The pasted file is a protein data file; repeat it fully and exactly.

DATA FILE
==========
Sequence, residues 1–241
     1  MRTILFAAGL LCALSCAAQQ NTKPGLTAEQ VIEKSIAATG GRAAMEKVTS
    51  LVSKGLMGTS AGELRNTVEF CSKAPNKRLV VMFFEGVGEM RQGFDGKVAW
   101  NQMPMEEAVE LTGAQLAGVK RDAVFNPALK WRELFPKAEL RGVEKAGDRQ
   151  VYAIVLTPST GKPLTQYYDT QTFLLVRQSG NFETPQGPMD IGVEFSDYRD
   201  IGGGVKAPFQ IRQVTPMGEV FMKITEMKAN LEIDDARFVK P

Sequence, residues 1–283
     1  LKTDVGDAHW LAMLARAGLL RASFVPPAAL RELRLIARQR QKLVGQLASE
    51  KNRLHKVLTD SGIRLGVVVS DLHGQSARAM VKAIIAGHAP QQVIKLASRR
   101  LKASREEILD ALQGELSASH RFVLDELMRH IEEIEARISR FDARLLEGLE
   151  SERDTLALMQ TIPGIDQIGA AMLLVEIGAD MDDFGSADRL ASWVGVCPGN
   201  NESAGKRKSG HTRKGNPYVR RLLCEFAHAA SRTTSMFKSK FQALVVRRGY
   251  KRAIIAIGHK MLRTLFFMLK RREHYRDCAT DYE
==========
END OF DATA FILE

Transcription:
Sequence, residues 1–241
     1  MRTILFAAGL LCALSCAAQQ NTKPGLTAEQ VIEKSIAATG GRAAMEKVTS
    51  LVSKGLMGTS AGELRNTVEF CSKAPNKRLV VMFFEGVGEM RQGFDGKVAW
   101  NQMPMEEAVE LTGAQLAGVK RDAVFNPALK WRELFPKAEL RGVEKAGDRQ
   151  VYAIVLTPST GKPLTQYYDT QTFLLVRQSG NFETPQGPMD IGVEFSDYRD
   201  IGGGVKAPFQ IRQVTPMGEV FMKITEMKAN LEIDDARFVK P

Sequence, residues 1–283
     1  LKTDVGDAHW LAMLARAGLL RASFVPPAAL RELRLIARQR QKLVGQLASE
    51  KNRLHKVLTD SGIRLGVVVS DLHGQSARAM VKAIIAGHAP QQVIKLASRR
   101  LKASREEILD ALQGELSASH RFVLDELMRH IEEIEARISR FDARLLEGLE
   151  SERDTLALMQ TIPGIDQIGA AMLLVEIGAD MDDFGSADRL ASWVGVCPGN
   201  NESAGKRKSG HTRKGNPYVR RLLCEFAHAA SRTTSMFKSK FQALVVRRGY
   251  KRAIIAIGHK MLRTLFFMLK RREHYRDCAT DYE